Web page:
CoreLogic's Take on GSE Affordable Housing Goals
It has been almost a month since the Federal Housing Finance Agency (FHFA) announced the final goals for affordable housing for mortgages and rental activity financed by the government sponsored enterprises (GSEs) Fannie Mae and Freddie Mac. CoreLogic has now released an evaluation of these goals. In an article on the company’s Insights blog, Policy Research and Strategy Analyst Stuart Quinn says that the final goals, following over 100 public comments from market participants, did not fall far the the goals FHFA originally purposed.</p
A balance in these rules is important, Quinn says. Setting the bar too high; extending goals tornlevels above where demand exists, can cause business concerns and impact safetyrnand soundness. Setting the goal too lowrncould lead to accusations that the GSEs are not upholding the intent of theirrncharters. “The end result could thenrnincrease impediments to mortgage credit for deserving borrowers,” Quinn says.rn</p
Purchase mortgage, refinancing, and rental categories each come with a uniquernset of metrics and targets and Quinn limits his comments in this post to single-familyrnpurchase goals. The principal targets for this category are: (1) low-incomernpurchase goals defined as financing conforming and conventional loans forrnpurchase of owner-occupied, one-to-four unit housing provided to borrowers withrnincome no greater than 80 percent of the area median income (AMI) and (2) veryrnlow income purchase goals for such purchases at no greater than 50 percent ofrnAMI. There are additional sub-goals for low-income areas, high minority areasrnand communities that have been declared a federal disaster area within the pastrnthree years.</p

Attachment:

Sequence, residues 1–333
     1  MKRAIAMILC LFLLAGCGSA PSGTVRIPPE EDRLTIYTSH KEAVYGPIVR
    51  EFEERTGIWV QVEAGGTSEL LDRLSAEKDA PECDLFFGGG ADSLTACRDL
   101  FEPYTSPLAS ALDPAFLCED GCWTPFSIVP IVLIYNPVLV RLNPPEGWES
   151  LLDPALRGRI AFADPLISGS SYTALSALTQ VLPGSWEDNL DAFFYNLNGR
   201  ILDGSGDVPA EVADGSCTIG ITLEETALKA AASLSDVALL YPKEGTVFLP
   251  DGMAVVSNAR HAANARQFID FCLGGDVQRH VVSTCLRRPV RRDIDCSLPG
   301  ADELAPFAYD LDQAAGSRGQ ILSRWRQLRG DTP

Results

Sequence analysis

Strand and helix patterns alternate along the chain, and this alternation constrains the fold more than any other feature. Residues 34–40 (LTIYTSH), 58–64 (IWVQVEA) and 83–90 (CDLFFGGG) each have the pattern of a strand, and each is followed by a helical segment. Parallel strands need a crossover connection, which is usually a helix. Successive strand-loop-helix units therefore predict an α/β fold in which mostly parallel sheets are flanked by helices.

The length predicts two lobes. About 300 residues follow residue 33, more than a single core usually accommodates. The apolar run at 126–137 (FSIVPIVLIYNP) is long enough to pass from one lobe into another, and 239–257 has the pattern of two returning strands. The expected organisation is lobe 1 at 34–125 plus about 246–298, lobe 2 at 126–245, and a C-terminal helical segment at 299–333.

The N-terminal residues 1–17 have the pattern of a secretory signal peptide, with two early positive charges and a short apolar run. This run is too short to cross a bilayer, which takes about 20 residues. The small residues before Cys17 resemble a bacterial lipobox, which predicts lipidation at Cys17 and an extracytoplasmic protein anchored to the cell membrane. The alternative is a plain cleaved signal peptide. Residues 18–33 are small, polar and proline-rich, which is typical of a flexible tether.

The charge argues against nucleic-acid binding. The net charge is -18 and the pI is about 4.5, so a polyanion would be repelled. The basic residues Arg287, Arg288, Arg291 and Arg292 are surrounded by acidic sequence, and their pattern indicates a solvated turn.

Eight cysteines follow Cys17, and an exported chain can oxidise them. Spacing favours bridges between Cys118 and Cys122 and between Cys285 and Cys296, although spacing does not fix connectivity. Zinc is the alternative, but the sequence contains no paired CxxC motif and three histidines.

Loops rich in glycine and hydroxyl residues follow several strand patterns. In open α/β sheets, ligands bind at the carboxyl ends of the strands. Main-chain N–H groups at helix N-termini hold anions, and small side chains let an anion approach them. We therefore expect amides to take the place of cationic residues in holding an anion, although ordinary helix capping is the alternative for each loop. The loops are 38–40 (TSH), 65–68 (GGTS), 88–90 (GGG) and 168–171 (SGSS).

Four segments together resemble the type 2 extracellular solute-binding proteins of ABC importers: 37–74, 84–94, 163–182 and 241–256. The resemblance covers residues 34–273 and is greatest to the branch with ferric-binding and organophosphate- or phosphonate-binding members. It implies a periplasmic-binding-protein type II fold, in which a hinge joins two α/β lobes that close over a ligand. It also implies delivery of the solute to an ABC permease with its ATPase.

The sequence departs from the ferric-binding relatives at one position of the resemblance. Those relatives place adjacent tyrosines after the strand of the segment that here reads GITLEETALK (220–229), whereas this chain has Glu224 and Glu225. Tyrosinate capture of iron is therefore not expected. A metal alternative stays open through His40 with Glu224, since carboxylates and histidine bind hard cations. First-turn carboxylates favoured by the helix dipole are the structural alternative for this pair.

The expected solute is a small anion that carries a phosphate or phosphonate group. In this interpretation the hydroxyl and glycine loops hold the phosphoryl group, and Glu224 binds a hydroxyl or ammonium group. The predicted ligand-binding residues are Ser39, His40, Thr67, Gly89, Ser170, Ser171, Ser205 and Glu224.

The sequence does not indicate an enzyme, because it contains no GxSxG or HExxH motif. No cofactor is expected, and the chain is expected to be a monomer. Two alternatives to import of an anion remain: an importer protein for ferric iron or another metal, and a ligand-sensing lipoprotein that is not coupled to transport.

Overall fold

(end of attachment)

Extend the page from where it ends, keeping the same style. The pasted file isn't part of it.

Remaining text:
The figure above illustrates the two measurements used to evaluate successrnfor each GSE. </p<ul class="unIndentedList"<liThe benchmark goal is a prospective forecastrnestimate based off of an FHFA econometric time-series model, which examinesrnhistorical market performance, as well as factors that influence the market,rnincluding home sales, interest rates, employment and a host of additionalrnmeasures. Since it is a forecast, it is sensitive to volatility and marketrndynamics that may be presently unobservable.</li<liThe market goal is determined retrospectively.rnIt is based on the Home Mortgage Disclosure Data (HMDA) released by Septemberrncovering the entire preceding year. Thernanalysis considers not only loans purchased, but includes comparable loans thatrnmay have been eligible for purchase, sold via another conduit or privatelyrnsecuritized. This method enables FHFA and the industry to get a better sense ofrnGSE market-wide penetration for goal oriented activities.</li</ul
Meeting affordable housing goals means that both GSEs meet or exceed either the benchmark level or thernmarket level. Any bar exceeding either colored dot indicates achieving therntarget goal.</p
For 2015 the final benchmark for low income purchases will be 1.6 percentrnabove the market share estimate or 24 percent, an increase of 1 percentagernpoint from the proposed rule. This leaves a higher prospective benchmark, and arnlarger possible spread should market data result in less than 22 percent, whichrnis the current market goal.</p
The 2015 very low income purchase goal will be 6 percent, 1 percentage pointrnbelow both the 2014 benchmark level and proposed benchmark level. Both 2012 andrn2013 saw relatively large downward shifts for both GSEs on a percent basis.rnSome possible explanations for this include: banks taking on more loans forrnCommunity Reinvestment Act purposes, fear over repurchase liability to GSEs,rnloans without private mortgage insurance so recourse would be owed, orrnincreased endorsement through the Federal Housing Administration channel. </p
There is a 2015 sub-goal for low income areas which are defined to includerncensus tracts with median income less than or equal to 80 percent of AMI or forrnfamilies with incomes less than or equal to AMI who reside in minority censusrntracts (minority population of greater than 30 percent). The sub-goal benchmarkrnis 14 percent, 3 percentage points higher than the 2014 level of 11 percent andrnthe same as the proposed benchmark.
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